Our Top Stories of Gamifiying Education in 2013
To wrap up our first week of the best gamification stories of 2013, we’d like to present 5 stories ranging from the emergence of World of Warcraft, Minecraft, and zombies in schools to increased US government spending on educational game initiatives. It’s a good (read: fun) time to be an educator for 2014.
We’ve heard of Lucas Gillispe using World of Warcraft in school and it was a huge hit. It’s no surprise that someone decided to take this concept even further and just “MMORPGify” class into a gamelike system. Read on about Classcraft, a role-playing game for teachers and students to play together in the classroom
Some people just hate the idea of gamification no matter what. Old ways die hard. But at least in education, critics should take the time to understand that it’s not just about making learning more fun – it provides perspective, increased engagement, and new technologies/methods of making learning more effective overall.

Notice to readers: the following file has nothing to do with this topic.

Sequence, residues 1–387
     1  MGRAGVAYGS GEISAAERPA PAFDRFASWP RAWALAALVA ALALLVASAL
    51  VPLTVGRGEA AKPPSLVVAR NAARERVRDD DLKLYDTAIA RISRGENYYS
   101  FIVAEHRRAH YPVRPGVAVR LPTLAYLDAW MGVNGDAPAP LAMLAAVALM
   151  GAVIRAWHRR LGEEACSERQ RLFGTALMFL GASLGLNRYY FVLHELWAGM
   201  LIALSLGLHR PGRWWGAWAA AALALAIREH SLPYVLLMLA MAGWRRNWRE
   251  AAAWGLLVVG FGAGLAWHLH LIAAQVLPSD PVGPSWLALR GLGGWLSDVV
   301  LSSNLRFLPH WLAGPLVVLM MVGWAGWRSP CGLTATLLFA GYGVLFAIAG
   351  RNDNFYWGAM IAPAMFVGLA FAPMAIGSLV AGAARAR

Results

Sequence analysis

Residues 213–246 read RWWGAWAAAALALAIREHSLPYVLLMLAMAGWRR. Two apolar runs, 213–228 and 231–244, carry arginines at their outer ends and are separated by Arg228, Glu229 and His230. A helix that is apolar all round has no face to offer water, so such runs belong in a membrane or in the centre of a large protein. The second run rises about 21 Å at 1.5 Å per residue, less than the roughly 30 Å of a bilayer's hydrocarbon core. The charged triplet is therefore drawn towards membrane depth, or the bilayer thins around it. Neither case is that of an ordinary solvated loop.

Educators are rapidly embracing Minecraft and educator Joel Levin is leading the charge with MinecraftEdu. This version of the global gaming phenomenon has been developed specifically for game based learning and is actively in use in 1000+ schools.
How to Teach and Engage Students… with Zombies
David Hunter is a Washington-based educator dedicated to combining zombies and geography into one cohesive and fun curriculum titled “Zombie-Based Learning: Geography Lessons Set in a Zombie Apocalypse”
This past May, the Institute of Education Sciences announced the Small Business Innovation Research (SBIR) award winners, a competition for edtech companies to develop or continue to develop products for educational implementation. Out of the 200 some proposals, 20 companies received grants from the SBIR. What’s notable, however, is that 12 of the winners were game-related companies, nine of which received $900K – $1M in funding.
And that wraps up our top education content for 2013! Check back next week for our Best of 2013 series with our top posts in Op-eds and staff pieces.
Cover Image by “lapolab”